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137. M 18.
X 139. M 12.
138. M 13. Threatening White's other connection.
White must con- 140. P 18. To an inexpert eye
White's group in the upper righthand corner now looks hopeless.
Here the is left as finished in the published report, but the remaining moves are not all strictly speaking "Dame." There are quite a number of moves to be made before we can proceed to the count. The first question is, naturally, what stones are dead, and we find that White has three dead stones at S 12, S 5, and K 4. Black has three dead stones at J 15, O 4, and R 18. The white stones at P, Q, and R 13, are not dead yet. They have aggressive possibilities, and must be actually surrounded. As near as we can judge the game would proceed as follows:
First: Necessary although obvious moves which are not strictly "Dame."
Second: The following moves which are strictly "Dame." It makes no difference which side fills these intersections, but it would generally be done as follows:
The frontiers are now absolutely in contact, and the count can be made, and it will be seen that after filling up the vacant territory with the captured stones as far as they will go, Black has won by three points. The Japanese would rearrange the board in order to make the counting of the spaces more easy ("Me wo tsukuru"), but for the first game or two the beginner might find it less confusing to omit this process.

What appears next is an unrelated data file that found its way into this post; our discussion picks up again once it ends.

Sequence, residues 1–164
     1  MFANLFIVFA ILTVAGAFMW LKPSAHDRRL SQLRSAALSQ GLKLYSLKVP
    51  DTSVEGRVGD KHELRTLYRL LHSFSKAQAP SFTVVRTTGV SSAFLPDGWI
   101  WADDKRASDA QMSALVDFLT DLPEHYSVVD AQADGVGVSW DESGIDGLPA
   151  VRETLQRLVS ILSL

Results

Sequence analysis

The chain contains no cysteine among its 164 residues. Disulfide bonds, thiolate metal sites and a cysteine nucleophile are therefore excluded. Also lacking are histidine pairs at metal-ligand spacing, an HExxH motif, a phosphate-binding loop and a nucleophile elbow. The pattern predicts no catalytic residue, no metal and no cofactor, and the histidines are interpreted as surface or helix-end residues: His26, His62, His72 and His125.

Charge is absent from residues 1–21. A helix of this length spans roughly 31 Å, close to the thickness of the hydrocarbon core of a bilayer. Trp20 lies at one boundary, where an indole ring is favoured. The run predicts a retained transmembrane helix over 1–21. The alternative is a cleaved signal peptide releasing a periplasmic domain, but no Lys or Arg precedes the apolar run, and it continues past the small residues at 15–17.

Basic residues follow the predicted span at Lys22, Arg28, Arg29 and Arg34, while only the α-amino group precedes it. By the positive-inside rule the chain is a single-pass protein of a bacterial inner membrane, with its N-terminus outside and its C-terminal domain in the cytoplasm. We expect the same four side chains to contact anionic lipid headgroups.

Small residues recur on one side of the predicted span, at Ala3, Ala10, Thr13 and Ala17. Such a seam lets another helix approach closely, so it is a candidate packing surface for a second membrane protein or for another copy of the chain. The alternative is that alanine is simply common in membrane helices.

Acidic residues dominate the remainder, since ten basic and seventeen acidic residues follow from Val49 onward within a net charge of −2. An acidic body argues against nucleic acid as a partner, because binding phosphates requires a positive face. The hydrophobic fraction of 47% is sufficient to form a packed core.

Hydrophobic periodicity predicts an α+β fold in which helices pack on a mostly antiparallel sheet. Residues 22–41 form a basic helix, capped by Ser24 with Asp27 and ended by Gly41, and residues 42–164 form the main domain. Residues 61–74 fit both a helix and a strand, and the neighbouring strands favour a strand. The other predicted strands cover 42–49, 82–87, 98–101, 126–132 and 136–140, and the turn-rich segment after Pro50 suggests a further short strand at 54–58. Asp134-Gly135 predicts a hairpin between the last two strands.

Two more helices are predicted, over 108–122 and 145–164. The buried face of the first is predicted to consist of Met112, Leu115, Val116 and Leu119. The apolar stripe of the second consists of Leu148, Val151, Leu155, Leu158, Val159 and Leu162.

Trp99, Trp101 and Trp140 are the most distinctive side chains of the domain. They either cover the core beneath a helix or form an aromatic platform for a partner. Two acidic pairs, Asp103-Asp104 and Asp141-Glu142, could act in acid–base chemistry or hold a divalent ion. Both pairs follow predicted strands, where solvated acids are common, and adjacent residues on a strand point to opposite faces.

Honinbo Shuye comments on this game as game as follows: "In spite of so many errors, Black wins showing how great is the advantage resulting from a handicap."
WHITE. Murase Shuho, seventh degree.
Uchigaki Sutekichi, fifth degree.
This game is taken from Korschelt, and the notes are his. In some of these notes will be found mere repetitions of matter that I have inserted in the preceding chapters, or which will be hereafter found in the chapter on "Joseki." These notes are, however, very full and valuable, and a little repetition may have the effect of aiding the memory of the student, and will do no harm. Contrary to the custom, this game was played without handicaps.
1. R 16. In the beginning of the game the corners and margins are first occupied, because it is there that positions can most easily be taken which cannot be killed, and which also contain territory. From the edges and corners the player makes toward the center. This process is repeated in every game.
3. Q3. In taking a corner that is still vacant there is a choice among seven points; e.g., in the corner designated as D 4, these points are D3, D4, D5, C4, C5, E 3, and
2. D 17.
4. P 17. The attack could also be commenced at P 16.